How This Own Art Member Gallery Has Embraced a Post-Lockdown World
One of these days, we’ll be telling tales of the lockdown era and the world that COVID has recreated. It’ll be in history and science books, and masks will continue to be the fashion statement of the new world, along with pocket-sized anti-bac and awkward introductions (online and in-person). Perhaps one day we’ll be seeing new patents for elbow-shaped handles (elbowdles?) to reduce the risk of spreading germs? That doesn’t even seem weird to us now, in fact, it’s probably already a thing.
But the biggest changes we’ve seen have been in our attitudes. We’ve seen our member galleries adapt and thrive whilst their doors have been closed, and they’ve seen their communities appreciate and support during all of the restrictions we’ve been facing.
Own Art member gallery, Linden Hall Studio, talk to us about how they have overcome the challenges they’ve faced as a brick and mortar gallery over the past few years, and most importantly, what community means to the art world.
How has Linden Hall Studio been navigating this new post-lockdown world?
As a gallery, we were always aware that how we responded to and, consequently, navigated through the post-lockdown world would be integral to how we moved forward, as not only a creative space but as a business.
Very careful and considered decision making was required and we are extremely proud to have bounced back stronger and more determined than ever before to keep providing the necessary cultural stimulation that the south Kent coastline has always thrived on.
How have Linden Hall Studio’s priorities shifted in the pandemic?
In many ways, re-focusing what we are and rediscovering the essence of what makes us a unique centre for visual art has been a great opportunity for us to retune the crosshairs and sharpen our current collections. It’s made us even more confident in our mission statement to bring the very best in painting, print and sculpture, in a space like no other, to a special town like Deal.
What do you think will be the biggest opportunities and challenges for galleries in the future?
After a period in history like no other before, it has been inspiring to see just how important the visual world has been in providing people with a sense of escapism from the pressures and challenges of lockdowns and social constraints. It has certainly been a source of enormous pride for us that ever since we reopened and remerged our audience has responded with a renewed passion and enthusiasm to engage with the diverse exhibition programme that we push for at Linden Hall Studio.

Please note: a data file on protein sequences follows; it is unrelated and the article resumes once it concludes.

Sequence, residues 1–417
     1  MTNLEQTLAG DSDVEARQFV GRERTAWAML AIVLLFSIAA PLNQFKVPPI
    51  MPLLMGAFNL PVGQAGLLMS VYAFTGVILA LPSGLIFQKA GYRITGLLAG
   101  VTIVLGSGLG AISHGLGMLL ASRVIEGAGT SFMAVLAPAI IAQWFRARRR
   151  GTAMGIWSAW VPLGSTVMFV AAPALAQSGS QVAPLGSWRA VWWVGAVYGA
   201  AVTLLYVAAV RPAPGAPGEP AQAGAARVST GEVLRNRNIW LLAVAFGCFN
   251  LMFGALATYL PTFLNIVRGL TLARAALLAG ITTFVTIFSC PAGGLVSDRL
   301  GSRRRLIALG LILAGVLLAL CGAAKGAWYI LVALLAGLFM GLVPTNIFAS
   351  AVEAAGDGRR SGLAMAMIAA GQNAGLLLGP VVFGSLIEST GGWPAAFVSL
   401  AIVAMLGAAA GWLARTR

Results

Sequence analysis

How do you anticipate the art market evolving over the next 18 months?
People have been bored, locked up, cooped up and fed up for so long. I think the return of colour – real colour – shape and texture will return. A celebration of visual sensations.
How has the pandemic influenced your customers’ buying choices/patterns?
I feel that the pandemic has influenced our clients buying choices in the same way it has influenced people’s personal life choices since pandemic restrictions have been relaxed. When the world was so abruptly paused, it gave people time to stop and reflect. The ‘Working from Home’rs’, as well as huge swathes of the nation being furloughed, has realigned people’s senses in terms of what they want, what they desire, what is worth their time, pleasure and stress.
Art, like life, is to be enjoyed and it has given many people the push to do or acquire what they wish for in the moment, which – I feel – is the most important way to live.
How has the pandemic impacted your curatorial thinking?
Since our re-emergence, the curatorial thinking of the gallery has had a significant rethink. We have separated Linden Hall Studio into two sections, making the first floor of the gallery the host of our rolling exhibition programme, featuring a variety of solo, two-person and group exhibitions. The ground floor is the home for a selection of artists with whom the gallery has a special connection, these established names are some of our most popular exhibitors.
What has been the biggest surprise to you throughout this?
A good surprise for us came in the way that people have been so keen to re-engage with the gallery, our collections and exhibitions. We have been overwhelmed with the messages of support and thanks for what we, as a centre for visual arts, mean to our audience.
What positive outcomes have happened for your gallery and artists?
The positives that this time has brought for the artists and galleries come back to the theme of time and reflection, which has affected so many of us over the last months. The arts community has had a major creative boom, with creators and makers across a variety of media using the time to pour out their feelings and frustrations. Building a post-lockdown plethora of work across a dynamic and vibrant range of styles and substance.
What are the advantages of a scheme like Own Art for galleries?
The own art scheme is fantastic as it allows work across a variety of price points to become more accessible to our audience. Especially after the last 15 months, people are certainly being more careful with their capital as the future still remains unknown!
Do you have anything in the pipeline you would like to promote?
Recently the gallery signed the Royal Academician Jennifer Durrant, so she is now exclusively represented by the Linden Hall both nationally and internationally.
To be able to bring someone of her international standing to have a permanent connection with Deal is something that brings us, as a visual art gallery, immense pride. It is certainly one of the biggest moments in the gallery’s development and, although aware of the difficulties, we’re really looking forward to the endless opportunities this now brings to us and also the profile of the arts of our locality.